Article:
Joseph Mallord William Turner
The Blue Rigi, Sunrise (1842)

By the time Turner made his four trips to the Swiss resort of Lucerne between 1836 and 1844, it was already a popular destination for the rapidly rising number of European and American tourists. Its placid lake, providing the natural amphitheatre for the steep pine-clad mountains, also attracted writers, musicians and artists who would immerse themselves in the sublime splendours of the natural world. Victor Hugo, Alexandre Dumas, Albert Bierstadt, Brahms and Wagner all revelled in its ethereal and unpredictable beauties. The young elopers Percy Shelley and a 17-year-old Mary Wollstonecraft found temporary tranquillity here in 1814, the latter writing on how the lakes, mountains and forests ‘seemed a fit cradle for a mind aspiring to high adventure and heroic deeds’. Even the humorist Mark Twain couldn’t ignore its sobering effect on the soul, describing the experience of being on Lake Lucerne in his travel satire A Tramp Abroad as ‘the perfection of pleasuring’.

Joseph Mallord William Turner
The Rigi [Turner], Etc., from the Lake (c.1841)

For many, their eyes were drawn over the glassy turquoise surface of the lake and up the steep hills dotted with farmers’ cottages to the summit of the great Rigi, the ‘Queen of the Mountains’. Some, like Twain and more famously Queen Victoria, would spend many hours navigating the narrow mule tracks to reach the summit (though Victoria was carried up in a sedan chair). Here they could not only enjoy, as one contemporary guidebook put it, ‘a panorama hardly to be equalled in extant and grandeur among the alps for centuries’, but also, for a time, sample the food of celebrity chef Auguste Escoffier at the Rigi-Kulm hotel.

Turner never made it to the top of the Rigi (though he would start on an imaginary scene of the view from the summit, Sunset from the Top of the Rigi c1844), but it provided him with his most repeated and most celebrated subject matter. As well as the dozens of pencil sketches, he would paint more than 30 small watercolour views of the mountain, capturing the effects of the rapidly changing light and weather throughout the day. These included compositional watercolour sketches done in his softback sketching book that could be rolled up and put in his pocket, as well as the more finished ‘sample studies’ (such as The Blue Rigi: Sample Study c1841–2), made for prospective patrons to give an idea of what a ‘completed’ picture might look like.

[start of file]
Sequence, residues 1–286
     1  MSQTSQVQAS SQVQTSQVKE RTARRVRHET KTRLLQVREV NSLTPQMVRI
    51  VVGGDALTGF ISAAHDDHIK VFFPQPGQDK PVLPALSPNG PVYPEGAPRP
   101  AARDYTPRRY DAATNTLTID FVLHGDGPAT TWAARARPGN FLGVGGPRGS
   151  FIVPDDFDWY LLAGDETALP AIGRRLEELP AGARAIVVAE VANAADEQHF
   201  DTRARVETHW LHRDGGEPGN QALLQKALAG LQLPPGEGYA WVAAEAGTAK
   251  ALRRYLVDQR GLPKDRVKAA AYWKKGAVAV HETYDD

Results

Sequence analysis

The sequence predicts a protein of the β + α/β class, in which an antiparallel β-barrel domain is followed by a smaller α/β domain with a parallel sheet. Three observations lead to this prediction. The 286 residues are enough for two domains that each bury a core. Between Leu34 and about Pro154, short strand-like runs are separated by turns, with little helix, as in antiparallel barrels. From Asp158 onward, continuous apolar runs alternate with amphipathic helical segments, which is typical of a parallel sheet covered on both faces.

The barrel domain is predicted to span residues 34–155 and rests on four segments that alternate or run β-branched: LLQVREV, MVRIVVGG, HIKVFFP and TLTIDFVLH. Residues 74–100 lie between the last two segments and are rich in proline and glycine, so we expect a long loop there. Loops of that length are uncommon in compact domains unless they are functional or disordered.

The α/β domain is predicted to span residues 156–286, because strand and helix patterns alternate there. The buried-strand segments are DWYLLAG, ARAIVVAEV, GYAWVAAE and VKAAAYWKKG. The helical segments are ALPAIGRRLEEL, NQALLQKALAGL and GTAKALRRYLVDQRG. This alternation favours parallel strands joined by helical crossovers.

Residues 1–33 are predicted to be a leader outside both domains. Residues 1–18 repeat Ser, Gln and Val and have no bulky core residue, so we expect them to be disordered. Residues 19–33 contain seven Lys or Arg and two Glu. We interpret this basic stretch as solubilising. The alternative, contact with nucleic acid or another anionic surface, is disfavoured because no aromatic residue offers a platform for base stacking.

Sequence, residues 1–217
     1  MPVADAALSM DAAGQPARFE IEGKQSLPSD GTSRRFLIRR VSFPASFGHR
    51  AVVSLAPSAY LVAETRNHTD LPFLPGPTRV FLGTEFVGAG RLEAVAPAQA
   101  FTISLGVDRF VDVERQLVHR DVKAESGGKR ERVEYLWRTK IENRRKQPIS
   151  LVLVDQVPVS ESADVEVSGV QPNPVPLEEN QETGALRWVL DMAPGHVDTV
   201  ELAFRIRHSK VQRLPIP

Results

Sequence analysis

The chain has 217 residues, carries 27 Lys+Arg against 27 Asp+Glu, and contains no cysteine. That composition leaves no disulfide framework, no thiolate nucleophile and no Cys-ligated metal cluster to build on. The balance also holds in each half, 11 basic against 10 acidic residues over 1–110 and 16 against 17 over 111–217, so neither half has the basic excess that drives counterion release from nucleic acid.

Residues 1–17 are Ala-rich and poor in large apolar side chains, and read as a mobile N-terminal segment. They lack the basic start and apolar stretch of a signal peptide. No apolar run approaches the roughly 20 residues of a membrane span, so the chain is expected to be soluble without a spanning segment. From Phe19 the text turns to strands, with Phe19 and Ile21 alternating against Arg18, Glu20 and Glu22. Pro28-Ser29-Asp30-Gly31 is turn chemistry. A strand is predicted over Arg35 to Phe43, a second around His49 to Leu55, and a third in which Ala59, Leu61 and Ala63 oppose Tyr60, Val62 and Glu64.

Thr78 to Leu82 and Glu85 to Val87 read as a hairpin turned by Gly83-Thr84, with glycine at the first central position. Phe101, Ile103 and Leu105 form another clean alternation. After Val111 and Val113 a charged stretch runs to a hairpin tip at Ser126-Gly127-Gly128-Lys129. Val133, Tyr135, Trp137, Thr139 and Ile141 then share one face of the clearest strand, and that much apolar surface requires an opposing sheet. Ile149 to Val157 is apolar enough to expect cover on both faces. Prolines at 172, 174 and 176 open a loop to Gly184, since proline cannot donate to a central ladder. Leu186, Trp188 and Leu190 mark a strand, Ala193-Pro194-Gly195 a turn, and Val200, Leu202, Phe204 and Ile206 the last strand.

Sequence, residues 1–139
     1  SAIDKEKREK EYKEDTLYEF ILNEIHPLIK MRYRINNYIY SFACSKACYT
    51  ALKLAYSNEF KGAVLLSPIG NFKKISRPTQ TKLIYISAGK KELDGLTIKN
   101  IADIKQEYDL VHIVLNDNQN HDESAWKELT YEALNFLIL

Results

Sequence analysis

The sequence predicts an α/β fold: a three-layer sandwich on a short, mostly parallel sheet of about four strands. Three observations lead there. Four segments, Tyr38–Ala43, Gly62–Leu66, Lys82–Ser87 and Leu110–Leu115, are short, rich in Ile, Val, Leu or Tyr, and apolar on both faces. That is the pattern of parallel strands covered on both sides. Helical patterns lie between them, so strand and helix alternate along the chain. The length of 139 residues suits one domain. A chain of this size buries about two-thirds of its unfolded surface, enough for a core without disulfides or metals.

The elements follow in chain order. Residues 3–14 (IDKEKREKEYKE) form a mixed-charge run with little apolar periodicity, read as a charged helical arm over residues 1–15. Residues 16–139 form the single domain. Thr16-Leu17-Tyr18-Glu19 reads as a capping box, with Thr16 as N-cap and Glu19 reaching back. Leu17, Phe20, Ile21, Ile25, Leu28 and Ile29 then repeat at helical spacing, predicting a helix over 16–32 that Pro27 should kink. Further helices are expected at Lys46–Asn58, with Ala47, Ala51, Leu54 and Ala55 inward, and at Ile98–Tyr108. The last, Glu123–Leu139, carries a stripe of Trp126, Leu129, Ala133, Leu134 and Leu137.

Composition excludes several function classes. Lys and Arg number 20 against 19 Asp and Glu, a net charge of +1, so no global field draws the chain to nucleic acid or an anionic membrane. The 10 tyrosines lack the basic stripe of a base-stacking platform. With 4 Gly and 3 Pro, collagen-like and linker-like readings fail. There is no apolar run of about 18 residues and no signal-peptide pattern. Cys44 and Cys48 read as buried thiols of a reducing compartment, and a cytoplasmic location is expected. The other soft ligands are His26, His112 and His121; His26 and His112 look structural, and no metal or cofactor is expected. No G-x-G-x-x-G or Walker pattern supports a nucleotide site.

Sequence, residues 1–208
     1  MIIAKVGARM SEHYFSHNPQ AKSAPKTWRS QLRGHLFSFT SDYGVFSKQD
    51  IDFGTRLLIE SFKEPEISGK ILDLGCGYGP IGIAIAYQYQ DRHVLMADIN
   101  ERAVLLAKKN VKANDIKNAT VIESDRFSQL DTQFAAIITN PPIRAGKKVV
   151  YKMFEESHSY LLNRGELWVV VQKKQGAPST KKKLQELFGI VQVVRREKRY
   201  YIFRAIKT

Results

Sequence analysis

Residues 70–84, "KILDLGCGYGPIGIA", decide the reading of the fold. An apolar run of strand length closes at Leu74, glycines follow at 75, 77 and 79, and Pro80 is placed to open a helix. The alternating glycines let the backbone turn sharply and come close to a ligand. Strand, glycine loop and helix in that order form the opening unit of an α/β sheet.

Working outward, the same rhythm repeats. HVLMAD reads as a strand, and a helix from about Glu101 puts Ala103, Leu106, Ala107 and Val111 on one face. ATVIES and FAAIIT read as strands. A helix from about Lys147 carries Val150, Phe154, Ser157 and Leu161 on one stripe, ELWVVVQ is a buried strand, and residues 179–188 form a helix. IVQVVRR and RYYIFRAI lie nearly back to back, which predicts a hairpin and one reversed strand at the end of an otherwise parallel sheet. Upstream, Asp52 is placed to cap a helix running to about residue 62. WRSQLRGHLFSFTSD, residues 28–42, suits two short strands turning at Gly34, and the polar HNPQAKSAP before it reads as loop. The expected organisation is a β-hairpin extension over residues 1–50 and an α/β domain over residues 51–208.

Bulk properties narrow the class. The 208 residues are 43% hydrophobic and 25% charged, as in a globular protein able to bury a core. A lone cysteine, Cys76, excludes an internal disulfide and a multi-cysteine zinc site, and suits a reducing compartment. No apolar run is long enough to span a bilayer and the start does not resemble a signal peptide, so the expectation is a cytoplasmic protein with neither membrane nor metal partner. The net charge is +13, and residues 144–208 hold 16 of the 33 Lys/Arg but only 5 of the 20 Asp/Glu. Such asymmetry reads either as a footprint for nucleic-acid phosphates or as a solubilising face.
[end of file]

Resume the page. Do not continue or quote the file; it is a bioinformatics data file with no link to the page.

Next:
He observed the Rigi from various places along the lake, but many scenes are from the similar vantage point – possibly from the village of Winkel on the outskirts of Lucerne, or the nearby village of Meggen, a view whose angle gave the mountain a smooth undulating profile. It was from these spots that he would position himself to watch the early morning sun appear from behind the peak, the clouds swirl around the valley, or the mist and rain envelop the whole scene.

In these watercolours Turner used the simplest washes of colour. In images so lightly worked they almost disappear, such as The Rigi: Grey and Blue, The Rigi: Rosy Peaks and Clouds and Clouds over the Rigi at Sunrise, from Lucerne, all c1844, the Rigi becomes a delicate haze of colours suspended in space. In A Storm over the Rigi c1844, the tempestuous weather is captured in thick, rapid slashes of blue and black that threaten to obliterate the grey mass of the mountain.

Turner employed a wide range of techniques to get these impressionistic effects – sponging, washing, rubbing, stippling and hatching. And in the more finished ‘sample studies’ he would use a brush with very thin bristles to make his tiny hatch marks to give a more complex depth and body to his scenes. In The Blue Rigi, Sunrise 1842 he created the morning star, or Venus, at the top of the picture by using his ‘eagle clawed’ nail to scratch out the surface to reveal the white of the paper.

John Ruskin, who acquired several of Turner’s late, finished Swiss watercolours, recognised the radical nature of these works, which were, he said, ‘less concerned with the image of the place itself, as the spirit of the place’. But this spirit was not just about the grandeur of nature – it was also about the life within it. We may often consider these watercolours as visual essays in stillness, but in several works Turner depicts the sound of the life that he witnessed. In The Blue Rigi, Sunrise a dog has splashed noisily into the lake, chasing a flock of ducks. In Lake Lucerne from Fluelen (‘The First Steamer on Lake Lucerne’) c1841 fisherfolk are pulling in the nets. You can almost hear their chatter. And in the distant background we can see the tall thin funnel of a steamboat – a symbol of the new industrial age that would transform both the trade and tourism of the area. The first steamboat to appear on Lake Lucerne made its maiden voyage in 1837, and Turner would have undoubtedly made great use of it to travel the length of water in order to gauge every angle of the landscape in front of him. The coal-fired boats would also have provided him with new acoustic sensations – the noisy engines, the manic thrashing of the paddles, the loud ship whistles that echoed around the valley.

Looking at the Rigi and the view it commands today, it is no surprise that it provided Turner with one of his greatest subjects. And what he witnessed will not change. The sun will forever rise behind its peak, the rain will still wash its way over the summit and the clouds will continue to cloak themselves around its imposing bulk.